Monday Author: Susanne Skinner
It offers widespread reach beyond traditional media sources by creating broader distribution channels, some with unintended consequences. Its influence is too large to ignore.
But the unintended consequences of social media have begun to obscure the benefits. Cyber bullying and body shaming, fraud, privacy violations, and hacking are the tip of the iceberg. What lies beneath is even more terrifying.
The two faces of social media have caused me to rethink its value.
Living in a Digital World
No matter how you feel, it’s one badass networking tool. Despite my belief that digital over-engagement is rampant, I confess I’m a regular user in both my personal and professional lives. In fact, I’m a daily user. There, I said it. But I only use it to do good in the world.
I was not born into the digital world, but as it advanced, so did my skills. The more comfortable I am with technology, the more I appreciate its capabilities. In the beginning it was strictly personal but over time it became a professional tool.
At its best, it distills complex business topics into shareable information easily read and discussed. It offers feedback options with the ability to continue the dialogue and generate broader engagement. The good face of social media is a platform for learning and expanding your network.
For professionals, the value of online dialog lies in the ability to better understand the buyer’s journey and behavioral histories, enabling a more focused understanding of audiences and segmentation. It provides a wide spectrum of networking and career opportunities.
Social Change Through Social Media
Social media has moved beyond the fad stage. It is the tool of choice for raising awareness, debate and dissent, challenging political power structures, organizing protests; and, of course, throwing shade at anyone or anything while remaining anonymous.
It is the medium that beats the news and delivers content to the world in seconds. However, there is no global consensus on how to use it. Living in a hyper-connected world removes intermediary ability to control what is posted and increases the ability to access content that might otherwise be unavailable.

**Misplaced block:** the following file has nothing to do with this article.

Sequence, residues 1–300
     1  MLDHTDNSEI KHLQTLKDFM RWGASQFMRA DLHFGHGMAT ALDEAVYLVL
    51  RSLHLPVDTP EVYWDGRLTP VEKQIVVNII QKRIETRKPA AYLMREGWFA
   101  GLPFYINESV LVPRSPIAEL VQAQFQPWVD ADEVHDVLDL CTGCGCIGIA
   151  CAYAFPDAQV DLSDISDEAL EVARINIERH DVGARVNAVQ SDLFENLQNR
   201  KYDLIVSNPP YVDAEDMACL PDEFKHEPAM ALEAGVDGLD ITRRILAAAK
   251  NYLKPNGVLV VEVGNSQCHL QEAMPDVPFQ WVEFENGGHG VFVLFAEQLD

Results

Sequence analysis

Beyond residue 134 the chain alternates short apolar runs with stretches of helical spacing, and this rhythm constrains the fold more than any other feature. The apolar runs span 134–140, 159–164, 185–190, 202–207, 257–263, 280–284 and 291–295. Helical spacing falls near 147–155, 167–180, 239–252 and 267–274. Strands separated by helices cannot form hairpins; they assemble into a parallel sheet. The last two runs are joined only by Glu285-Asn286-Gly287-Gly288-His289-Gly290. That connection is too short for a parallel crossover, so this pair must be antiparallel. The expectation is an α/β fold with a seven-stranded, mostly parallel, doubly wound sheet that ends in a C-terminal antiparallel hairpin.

Cue the hashtag. Sharing experiences through public campaigns empowers ordinary people who refuse to be ignored or forgotten. Hashtags like metoo and JeSuisCharlie began with low-risk social sharing; unifying everyday people in a communal bond and proving emotion is a powerful tool for change.
Digital drama is the reaction to negative online behavior. It occurs with other forms of technology, but social media is the context and platform of choice because of the wide audience, interactive nature, and live-streaming capability.
Of course, a platform that offers a bigger audience, or the potential to create one, comes with the risk that the buzz and resulting perceptions aren’t guaranteed. Remember, social media is two-faced and unpredictable.
A common thread in all of this is privacy. The sharing, collection and use of personal information has grown exponentially, increasing data collected from mainstream as well as rogue sources. Not all of it is real, much of it is hate speech, and none of it is necessary.
When this drama plays out on my social media feeds I am disheartened and angry. \I don’t want to read it, see it, participate in it or respond to it. I respect the First Amendment Right; and I know where the delete key is.
Unfriend, Unfollow, Unlike
I have been on the brink of deleting my personal social media accounts but am reluctant to pull the trigger. Their value is my connection with friends and family, sharing the minutiae of our daily lives even though we are physically apart.
I cannot imagine severing this connection, but I have grown intolerant of the political bashing and verbal shaming that have replaced the friendly social neighborhood I knew. It is the few, not the many—but just one of these posts ruins my day.
Before hitting the delete key I looked at the common threads of these posts and decided to unfriend a few and unfollow quite a few.
The unfriending was easy. These are people that have no connection other than a shared childhood. We are not friends, we have no common ground and I no longer want to see their political rants, insensitive responses, name calling and drunken postings.
Unfollowing was also easy. These are people I like, but Facebook has become a platform for them to rage against the machine. I no longer see vacation photos, family updates, or everyday celebrations. I miss reading those posts.
Political affiliation was never a reason to join Facebook. I don’t care what party my friends or their friends belong to but now it’s all I see. I choose not to read or engage in the current dialog.
The Two Different Worlds of Social Media
How can something be wonderful and dangerous at the same time? Easy—no rules. No enforced etiquette or guidelines governing social spaces means equal opportunity for good and evil.
Social media is a world within a world. A life defined by retweets, shares and likes means the real world is pushed away; replaced by a virtual one. Real world involvement is traded for on line living; superficial at its best, isolating at its worst.
Invested relationships are replaced by superficial profiles and postings driven by the need for public approval. The clutter and dissonance of on-line living removes users from reality and diminishes discernment between fact and fiction.
When we become more invested in posting our lives on line than living them, we have indeed gone to the dark side and embraced the other face of social media.